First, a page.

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I have used the following code to evaluate an integral (val) numerically

mu = 0.0173262004;(*attenuation coefficient for E = ?*) 
k = (mu - 0.00324543007)/(0.00324543007); 
h = 150.; 
sz = 50.; 
eg = 0.7; 
qx = 1.0; 
u = 1.0; 
the = (22.5 Pi)/180; 
f1 = 1/(l^2 + z^2); 
f2 = 1 + k mu (l^2 + z^2)^0.5; 
f3 = Exp[-(z - h)^2/(2 sz sz)]; 
f4 = Exp[-(z + h)^2/(2 sz sz)]; 
f5 = Exp[-mu (l^2 + z^2)]; 
val = NIntegrate[
  2 Pi l f1 (f2 (f3 + f4) f5), {l, 0, Infinity}, {z, 0, Infinity}] 
dr[r_] := 0.0404 0.00324543007 eg qx val/((2 Pi)^0.5 u r sz the) 
LogPlot[dr[r], {r, 0, 10000}]

Now, i will be using the parameter (sz) as a function of r. For example, sz=0.26*r^0.69; How to do this? Thanking you in advance

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  • $\begingroup$ Do you mean you wish to define sz as a function of r instead of a constant (as it is now)? $\endgroup$ – honeste_vivere Sep 29 '14 at 13:43
  • $\begingroup$ Yes, exactly... $\endgroup$ – Anand Sep 30 '14 at 12:40
  • $\begingroup$ Then define it as sz[r_]:=0.26*r^0.69 and when calling it within something else, use sz[r], replacing r with whatever variable is relevant (r_ is a pattern so the input need not be explicitly the letter r). $\endgroup$ – honeste_vivere Sep 30 '14 at 13:20
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You can define your val now as a function of r, rather than as a constant. Then you will be able to operate with this function. I will show it within a short example, and you can then implement into your code by analogy. Consider an integral

sz=5;    
int=NIntegrate[x^2*Exp[-sz*x^2], {x, 0, Infinity}]
    (*   0.0396333  *)

Now let us replace this sonstant sz by a function sz = 0.25*r^0.69:

int[r_] := NIntegrate[x^2*Exp[-0.25*r^0.69 x^2], {x, 0, Infinity}];

Now one can do with this function whatever he needs. Let us plot it, for example:

Plot[int[r], {r, 1, 5}, AxesLabel -> {r, int}]

giving this:

enter image description here Have fun!

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Corrected per input from Michael E2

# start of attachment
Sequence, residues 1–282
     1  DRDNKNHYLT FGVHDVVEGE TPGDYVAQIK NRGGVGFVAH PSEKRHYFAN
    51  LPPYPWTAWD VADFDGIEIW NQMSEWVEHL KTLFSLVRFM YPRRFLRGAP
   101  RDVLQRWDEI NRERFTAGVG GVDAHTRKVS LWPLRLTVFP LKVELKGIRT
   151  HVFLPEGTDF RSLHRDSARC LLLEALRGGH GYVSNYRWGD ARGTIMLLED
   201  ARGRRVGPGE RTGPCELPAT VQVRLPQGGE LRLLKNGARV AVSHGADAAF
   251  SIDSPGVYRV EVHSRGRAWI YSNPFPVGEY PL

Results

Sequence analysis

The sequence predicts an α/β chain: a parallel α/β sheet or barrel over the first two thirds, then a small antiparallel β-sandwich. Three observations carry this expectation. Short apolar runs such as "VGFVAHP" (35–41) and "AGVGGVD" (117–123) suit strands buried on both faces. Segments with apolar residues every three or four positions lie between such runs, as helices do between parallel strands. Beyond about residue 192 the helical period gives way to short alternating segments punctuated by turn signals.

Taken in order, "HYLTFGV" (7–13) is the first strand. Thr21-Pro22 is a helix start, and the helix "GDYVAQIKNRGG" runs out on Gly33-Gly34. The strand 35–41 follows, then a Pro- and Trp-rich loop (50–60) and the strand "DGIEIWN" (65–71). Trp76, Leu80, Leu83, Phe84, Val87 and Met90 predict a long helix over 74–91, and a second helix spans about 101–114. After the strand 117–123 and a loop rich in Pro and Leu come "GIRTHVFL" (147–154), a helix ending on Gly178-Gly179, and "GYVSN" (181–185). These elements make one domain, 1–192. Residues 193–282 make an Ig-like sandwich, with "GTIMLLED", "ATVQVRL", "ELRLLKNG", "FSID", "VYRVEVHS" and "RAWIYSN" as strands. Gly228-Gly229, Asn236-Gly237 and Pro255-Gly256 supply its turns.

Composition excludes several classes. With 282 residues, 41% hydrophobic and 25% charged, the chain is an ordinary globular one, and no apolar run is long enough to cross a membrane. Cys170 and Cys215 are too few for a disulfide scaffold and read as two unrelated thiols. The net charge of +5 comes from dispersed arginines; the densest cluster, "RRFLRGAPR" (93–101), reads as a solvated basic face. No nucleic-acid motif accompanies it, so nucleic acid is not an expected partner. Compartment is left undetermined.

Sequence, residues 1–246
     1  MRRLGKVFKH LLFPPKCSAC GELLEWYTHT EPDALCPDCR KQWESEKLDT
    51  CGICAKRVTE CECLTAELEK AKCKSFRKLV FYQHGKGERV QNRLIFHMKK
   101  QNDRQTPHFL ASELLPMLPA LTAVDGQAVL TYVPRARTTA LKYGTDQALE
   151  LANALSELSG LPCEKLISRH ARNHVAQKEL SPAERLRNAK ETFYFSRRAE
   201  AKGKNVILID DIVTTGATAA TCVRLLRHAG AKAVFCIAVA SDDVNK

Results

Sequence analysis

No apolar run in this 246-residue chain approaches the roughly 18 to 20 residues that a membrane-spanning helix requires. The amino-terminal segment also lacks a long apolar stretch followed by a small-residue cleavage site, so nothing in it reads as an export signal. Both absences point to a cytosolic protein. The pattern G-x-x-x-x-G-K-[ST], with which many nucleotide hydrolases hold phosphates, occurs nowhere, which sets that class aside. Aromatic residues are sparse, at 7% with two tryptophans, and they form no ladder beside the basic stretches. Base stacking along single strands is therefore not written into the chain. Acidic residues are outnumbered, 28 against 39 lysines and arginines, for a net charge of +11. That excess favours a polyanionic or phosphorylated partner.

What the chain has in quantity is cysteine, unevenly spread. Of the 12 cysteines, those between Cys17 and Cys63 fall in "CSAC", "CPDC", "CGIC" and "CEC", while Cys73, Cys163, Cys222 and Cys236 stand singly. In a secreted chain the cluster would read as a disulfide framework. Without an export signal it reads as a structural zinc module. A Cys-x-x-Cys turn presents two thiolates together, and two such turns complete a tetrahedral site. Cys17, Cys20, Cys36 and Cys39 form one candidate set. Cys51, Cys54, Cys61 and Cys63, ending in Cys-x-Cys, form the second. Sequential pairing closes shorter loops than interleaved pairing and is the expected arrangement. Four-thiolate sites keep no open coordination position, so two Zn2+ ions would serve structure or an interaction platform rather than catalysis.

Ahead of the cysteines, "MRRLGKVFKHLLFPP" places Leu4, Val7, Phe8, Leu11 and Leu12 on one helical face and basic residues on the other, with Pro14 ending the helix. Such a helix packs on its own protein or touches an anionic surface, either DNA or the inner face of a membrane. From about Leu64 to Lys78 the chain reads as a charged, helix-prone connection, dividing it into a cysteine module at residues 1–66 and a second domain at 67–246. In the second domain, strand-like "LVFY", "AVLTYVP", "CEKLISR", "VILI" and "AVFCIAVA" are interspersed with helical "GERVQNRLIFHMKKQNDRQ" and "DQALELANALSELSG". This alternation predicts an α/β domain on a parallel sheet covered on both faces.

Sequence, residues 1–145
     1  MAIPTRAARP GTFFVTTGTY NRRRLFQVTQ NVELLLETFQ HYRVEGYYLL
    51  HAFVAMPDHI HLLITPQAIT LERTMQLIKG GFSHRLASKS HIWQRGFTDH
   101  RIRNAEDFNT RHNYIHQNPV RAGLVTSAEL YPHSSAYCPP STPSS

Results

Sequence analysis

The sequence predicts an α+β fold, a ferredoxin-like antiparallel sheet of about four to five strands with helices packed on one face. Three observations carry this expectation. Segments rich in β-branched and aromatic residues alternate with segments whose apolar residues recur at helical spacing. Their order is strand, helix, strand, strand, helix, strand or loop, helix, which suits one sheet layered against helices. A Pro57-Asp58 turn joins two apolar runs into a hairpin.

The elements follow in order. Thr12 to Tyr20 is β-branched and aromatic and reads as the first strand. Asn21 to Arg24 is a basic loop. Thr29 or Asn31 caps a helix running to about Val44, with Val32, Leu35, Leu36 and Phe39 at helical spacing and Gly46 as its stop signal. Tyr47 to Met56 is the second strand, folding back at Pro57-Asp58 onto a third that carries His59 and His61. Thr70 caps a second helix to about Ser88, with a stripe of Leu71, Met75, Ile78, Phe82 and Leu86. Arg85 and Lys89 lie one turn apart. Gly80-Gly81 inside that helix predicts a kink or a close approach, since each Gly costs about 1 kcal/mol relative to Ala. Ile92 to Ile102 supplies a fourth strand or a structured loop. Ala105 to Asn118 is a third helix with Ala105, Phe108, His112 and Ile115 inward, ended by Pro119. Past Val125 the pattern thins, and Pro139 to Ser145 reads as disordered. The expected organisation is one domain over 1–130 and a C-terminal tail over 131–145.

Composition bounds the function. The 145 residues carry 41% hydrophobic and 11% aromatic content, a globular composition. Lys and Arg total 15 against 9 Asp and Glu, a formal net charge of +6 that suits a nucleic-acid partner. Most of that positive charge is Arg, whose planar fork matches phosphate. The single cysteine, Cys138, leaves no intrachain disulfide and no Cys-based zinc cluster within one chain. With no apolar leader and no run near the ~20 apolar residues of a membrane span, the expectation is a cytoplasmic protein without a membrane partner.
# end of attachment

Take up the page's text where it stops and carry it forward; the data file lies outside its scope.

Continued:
mu = 0.0173262004;
(*attenuation coefficient for E=?*)
k = (mu - 0.00324543007)/(0.00324543007);
h = 150;
sz[r_] = 0.26*r^0.69;
eg = .7;
qx = 1.;
u = 1.;
the = (22.5 Pi)/180;
f1 = 1/(l^2 + z^2);
f2 = 1 + k mu (l^2 + z^2)^0.5;
f3[r_] = Exp[-(z - h)^2/(2 sz[r] sz[r])];
f4[r_] = Exp[-(z + h)^2/(2 sz[r] sz[r])];
f5 = Exp[-mu (l^2 + z^2)];

val[r_?NumericQ] := NIntegrate[
  Evaluate[2 Pi l f1 (f2 (f3[r] + f4[r]) f5)],
  {l, 0, Infinity}, {z, 0, Infinity}]

dr[r_?NumericQ] :=
 0.0404*0.00324543007 eg qx val[r]/((2 Pi)^(1/2) u r sz[r] the) //
  Evaluate

logPlot = LogPlot[dr[r], {r, 200, 10000},
  PlotRange -> All,
  PlotPoints -> 51]

enter image description here

dr[200]

8.80707*10^-45

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  • $\begingroup$ dr[100] gives errors for me. Note that LogPlot effectively uses Block[{r = 100},..] etc. $\endgroup$ – Michael E2 Oct 1 '14 at 1:56
  • $\begingroup$ The problem with dr[100] is that the parameter r_?NumericQ is localized and does not refer to the global variable r that appears in sz and its dependents. LogPlot uses Block to set r, which sets the global r. In dr[100], the local function parameter r is 100, but the global r remains an undefined variable. The proper fix is to make sz, f3, and f4 functions of r. There are shorter workarounds, but they're kludgy (e.g., dr[r0_?NumericQ] := Block[{r = r0}, <code>] and val := NIntegrate[...]). $\endgroup$ – Michael E2 Oct 4 '14 at 12:34

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